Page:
No issue in contemporary Pauline studies is more contested than Paul’s view of the law. Headline proponents of the “new perspective” on Paul, such as E. P. Sanders and J. D. G. Dunn, have maintained that the Reformational readings of Paul have led to distorted understandings of first-century Judaism, of Paul, and particularly of Paul’s diagnosis of the Jewish situation under the law. Others have responded by arguing that while our understanding of Paul needs to be tuned to the clearer sounds now emanating from Jewish texts of the apostle’s day, the basic Reformational insight into Paul’s analysis of the human plight remains true to the apostle. Paul was opposing works righteousness.
Paul and the Law is a careful attempt to assault this crucial interpretive problem with a new strategy. Rather than taking a systematic, topical approach, Frank Thielman examines Paul’s view of the law in context: the context of each letter’s language and argument. While many studies have focused on Paul’s explicit statements about the law, Thielman goes further in investigating those contexts where Paul’s language is allusive and his view implied.
The result is an illuminating and significant contribution to Pauline studies. Paul and the Law clarifies our understanding of Paul’s perspective on the law in the light of his Gospel of Jesus Christ, and it reaffirms the coherence and integrity of Pauline theology as it relates to this pivotal axis of his thought.
“But it is not as though the word of God has failed” (Page 204)
“the fulfillment of the prophetic promises of Israel’s restoration” (Page 204)
“When he says that he became ‘as under the law,’ therefore, he means that he adopted certain observances that distinguished him from Gentiles and marked him off as a Jew.” (Page 104)
“Paul’s comment makes sense only if we take it to mean that even those who rely on the works of the law have not kept the law and therefore fall under the curse that the law pronounces on those who fail to keep it.” (Page 126)
“Paul believes that the Mosaic law deals out death to those who live within its power by condemning them. The death that comes at its hands, therefore, is a judicial punishment.” (Page 111)
This book reasserts Reformation concerns about Paul and the law in a manner that will be very appealing to conservative Protestants; it provides a kind of neo-Calvinist slant on the law. It does so in a fair-minded way, and quite persuasively, dealing far more cogently with the different historical contexts of the Pauline letters than is normal in books on this topic.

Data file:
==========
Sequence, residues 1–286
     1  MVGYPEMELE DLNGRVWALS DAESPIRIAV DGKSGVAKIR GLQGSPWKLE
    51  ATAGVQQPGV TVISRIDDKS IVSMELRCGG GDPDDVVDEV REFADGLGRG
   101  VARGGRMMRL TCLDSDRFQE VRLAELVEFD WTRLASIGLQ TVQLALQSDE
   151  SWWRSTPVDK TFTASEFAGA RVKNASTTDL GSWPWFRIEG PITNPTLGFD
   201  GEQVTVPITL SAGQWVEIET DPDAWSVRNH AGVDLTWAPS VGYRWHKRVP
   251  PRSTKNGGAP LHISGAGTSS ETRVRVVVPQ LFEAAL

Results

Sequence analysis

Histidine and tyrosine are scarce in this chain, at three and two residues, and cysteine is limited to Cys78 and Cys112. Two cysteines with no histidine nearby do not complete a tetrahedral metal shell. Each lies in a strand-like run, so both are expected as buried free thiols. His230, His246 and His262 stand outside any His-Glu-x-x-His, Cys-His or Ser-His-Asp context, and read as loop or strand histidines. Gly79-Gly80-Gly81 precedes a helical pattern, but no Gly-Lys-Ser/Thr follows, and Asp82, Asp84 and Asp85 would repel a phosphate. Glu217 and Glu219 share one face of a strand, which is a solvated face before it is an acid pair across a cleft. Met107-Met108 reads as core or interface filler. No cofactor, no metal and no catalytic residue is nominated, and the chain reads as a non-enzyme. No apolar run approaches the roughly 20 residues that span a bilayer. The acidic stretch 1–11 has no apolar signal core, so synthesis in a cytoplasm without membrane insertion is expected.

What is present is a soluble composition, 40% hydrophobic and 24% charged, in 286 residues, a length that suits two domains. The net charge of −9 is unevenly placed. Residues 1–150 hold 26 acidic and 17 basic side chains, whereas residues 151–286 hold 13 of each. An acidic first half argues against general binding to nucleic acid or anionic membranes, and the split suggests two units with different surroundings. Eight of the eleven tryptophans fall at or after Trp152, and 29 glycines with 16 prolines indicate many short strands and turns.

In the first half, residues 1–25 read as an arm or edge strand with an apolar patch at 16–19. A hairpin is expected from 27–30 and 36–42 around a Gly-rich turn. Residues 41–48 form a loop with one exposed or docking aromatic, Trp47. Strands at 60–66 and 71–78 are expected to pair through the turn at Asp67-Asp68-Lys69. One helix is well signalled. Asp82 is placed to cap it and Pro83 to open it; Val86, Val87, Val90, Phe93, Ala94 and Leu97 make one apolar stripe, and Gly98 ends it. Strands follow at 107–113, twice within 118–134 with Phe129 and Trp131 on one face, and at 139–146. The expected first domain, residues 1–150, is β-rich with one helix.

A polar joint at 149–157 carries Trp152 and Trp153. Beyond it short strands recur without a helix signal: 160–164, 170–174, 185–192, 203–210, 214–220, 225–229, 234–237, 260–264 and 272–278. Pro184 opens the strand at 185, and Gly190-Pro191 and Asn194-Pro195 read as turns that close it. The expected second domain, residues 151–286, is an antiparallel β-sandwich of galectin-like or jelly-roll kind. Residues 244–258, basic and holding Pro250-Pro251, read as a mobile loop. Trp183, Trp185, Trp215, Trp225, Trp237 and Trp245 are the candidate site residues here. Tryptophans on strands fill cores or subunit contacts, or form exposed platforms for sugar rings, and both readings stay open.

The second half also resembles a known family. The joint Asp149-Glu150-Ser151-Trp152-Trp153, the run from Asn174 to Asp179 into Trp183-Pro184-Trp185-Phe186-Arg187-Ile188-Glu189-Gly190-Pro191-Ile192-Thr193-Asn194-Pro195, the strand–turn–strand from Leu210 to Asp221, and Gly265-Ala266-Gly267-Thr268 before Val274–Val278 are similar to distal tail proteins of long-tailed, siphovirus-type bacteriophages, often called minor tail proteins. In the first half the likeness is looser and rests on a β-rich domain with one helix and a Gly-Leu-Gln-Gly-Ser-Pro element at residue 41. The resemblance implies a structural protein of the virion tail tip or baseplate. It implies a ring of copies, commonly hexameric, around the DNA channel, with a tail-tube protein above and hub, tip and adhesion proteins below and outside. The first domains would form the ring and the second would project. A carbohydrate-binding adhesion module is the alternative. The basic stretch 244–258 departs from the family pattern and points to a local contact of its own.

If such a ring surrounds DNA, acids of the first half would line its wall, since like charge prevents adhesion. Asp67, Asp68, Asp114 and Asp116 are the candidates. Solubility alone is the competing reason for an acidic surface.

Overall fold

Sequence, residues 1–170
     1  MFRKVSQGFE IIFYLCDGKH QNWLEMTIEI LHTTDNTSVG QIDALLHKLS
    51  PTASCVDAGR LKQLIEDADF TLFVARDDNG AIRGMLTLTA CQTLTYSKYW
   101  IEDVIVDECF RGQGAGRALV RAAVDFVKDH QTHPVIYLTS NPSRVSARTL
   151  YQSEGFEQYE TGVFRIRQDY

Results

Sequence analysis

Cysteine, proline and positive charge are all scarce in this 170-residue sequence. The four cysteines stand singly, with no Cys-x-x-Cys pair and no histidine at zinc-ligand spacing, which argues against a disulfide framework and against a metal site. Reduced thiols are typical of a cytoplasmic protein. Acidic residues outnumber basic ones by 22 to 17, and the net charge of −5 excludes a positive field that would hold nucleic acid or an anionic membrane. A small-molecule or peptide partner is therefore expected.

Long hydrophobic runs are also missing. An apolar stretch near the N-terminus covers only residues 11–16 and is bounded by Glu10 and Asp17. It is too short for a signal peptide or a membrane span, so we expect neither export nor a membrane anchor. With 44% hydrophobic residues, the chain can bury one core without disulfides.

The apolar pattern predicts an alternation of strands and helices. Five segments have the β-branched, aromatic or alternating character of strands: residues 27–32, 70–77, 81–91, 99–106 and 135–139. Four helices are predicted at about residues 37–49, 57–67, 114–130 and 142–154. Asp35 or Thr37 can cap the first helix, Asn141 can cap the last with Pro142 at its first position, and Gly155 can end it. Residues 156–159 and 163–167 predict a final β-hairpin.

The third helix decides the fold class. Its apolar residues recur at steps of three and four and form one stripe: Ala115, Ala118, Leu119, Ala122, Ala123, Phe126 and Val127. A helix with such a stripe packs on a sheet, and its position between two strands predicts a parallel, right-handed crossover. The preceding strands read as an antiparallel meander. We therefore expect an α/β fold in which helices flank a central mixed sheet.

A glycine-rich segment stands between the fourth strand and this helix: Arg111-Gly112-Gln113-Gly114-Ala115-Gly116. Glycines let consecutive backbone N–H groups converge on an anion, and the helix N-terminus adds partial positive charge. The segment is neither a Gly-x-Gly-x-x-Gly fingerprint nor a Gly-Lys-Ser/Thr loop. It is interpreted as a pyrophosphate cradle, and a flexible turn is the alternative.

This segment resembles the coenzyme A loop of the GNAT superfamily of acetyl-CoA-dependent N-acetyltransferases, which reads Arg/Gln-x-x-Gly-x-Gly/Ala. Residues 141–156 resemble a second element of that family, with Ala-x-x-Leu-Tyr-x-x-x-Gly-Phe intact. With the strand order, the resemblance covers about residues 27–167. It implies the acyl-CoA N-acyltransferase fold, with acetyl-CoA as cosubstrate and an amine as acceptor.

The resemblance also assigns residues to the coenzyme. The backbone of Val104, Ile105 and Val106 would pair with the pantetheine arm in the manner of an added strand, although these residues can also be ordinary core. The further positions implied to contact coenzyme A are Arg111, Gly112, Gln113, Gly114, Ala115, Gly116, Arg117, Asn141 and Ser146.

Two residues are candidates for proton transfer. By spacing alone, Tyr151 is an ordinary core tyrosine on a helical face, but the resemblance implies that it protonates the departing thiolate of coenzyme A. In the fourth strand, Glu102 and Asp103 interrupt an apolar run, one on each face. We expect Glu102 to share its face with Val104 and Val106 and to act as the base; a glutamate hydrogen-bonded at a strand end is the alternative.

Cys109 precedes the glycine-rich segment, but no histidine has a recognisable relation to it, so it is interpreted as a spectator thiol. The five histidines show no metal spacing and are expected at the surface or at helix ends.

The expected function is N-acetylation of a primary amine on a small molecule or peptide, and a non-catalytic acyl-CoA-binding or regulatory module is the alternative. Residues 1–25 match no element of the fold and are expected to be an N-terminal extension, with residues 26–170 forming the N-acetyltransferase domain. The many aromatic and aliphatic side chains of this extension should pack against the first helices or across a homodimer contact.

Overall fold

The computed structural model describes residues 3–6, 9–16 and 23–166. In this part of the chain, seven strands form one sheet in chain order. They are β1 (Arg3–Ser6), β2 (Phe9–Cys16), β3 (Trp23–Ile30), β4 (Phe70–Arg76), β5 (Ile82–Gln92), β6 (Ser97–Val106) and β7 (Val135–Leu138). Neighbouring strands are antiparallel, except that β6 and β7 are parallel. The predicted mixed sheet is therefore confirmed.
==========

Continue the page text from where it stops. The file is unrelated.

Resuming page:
—Robert Jewett, professor of New Testament interpretation, Garrett-Evangelical Theological Seminary
Frank Thielman’s exposition of the issues surrounding Paul’s interpretation of the Jewish law is lucid and helpful. Students should find this book a reliable guide through a thicket of formidable exegetical problems. Thielman’s method of examining the role of Paul’s statements about the law within the argument of each individual letter is an important advance in the study of this central topic in Pauline theology.
—Richard B. Hays, associate professor of New Testament, Duke Divinity School
The last two decades have seen an explosion of new approaches to Paul’s theology and especially to his theology of the Old Testament and Judaism. This so-called new perspective on Paul has demanded response from various theological traditions. Frank Thielman’s book on Paul and the law is the most thorough response to these issues to date. Not everyone will agree with all of his perspectives and conclusions, but his book forms a fine starting point for further discussions of these matters.
—Douglas J. Moo, professor of New Testament, Trinity Evangelical Divinity School
Frank Thielman is a New Testament scholar and the Presbyterian professor of divinity at Beeson Divinity School at Samford University. He studied at Wheaton College, the University of Cambridge, Duke University, and Gordon-Conwell Theological Seminary.
Thielman is a member of the prestigious Studiorum Novie Testamenti Societas and an ordained Presbyterian minister. He has written several books, including Paul and the Law: A Contextual Approach, Baker Exegetical Commentary on the New Testament: Ephesians, The NIV Application Commentary: Philippians, and Theology of the New Testament.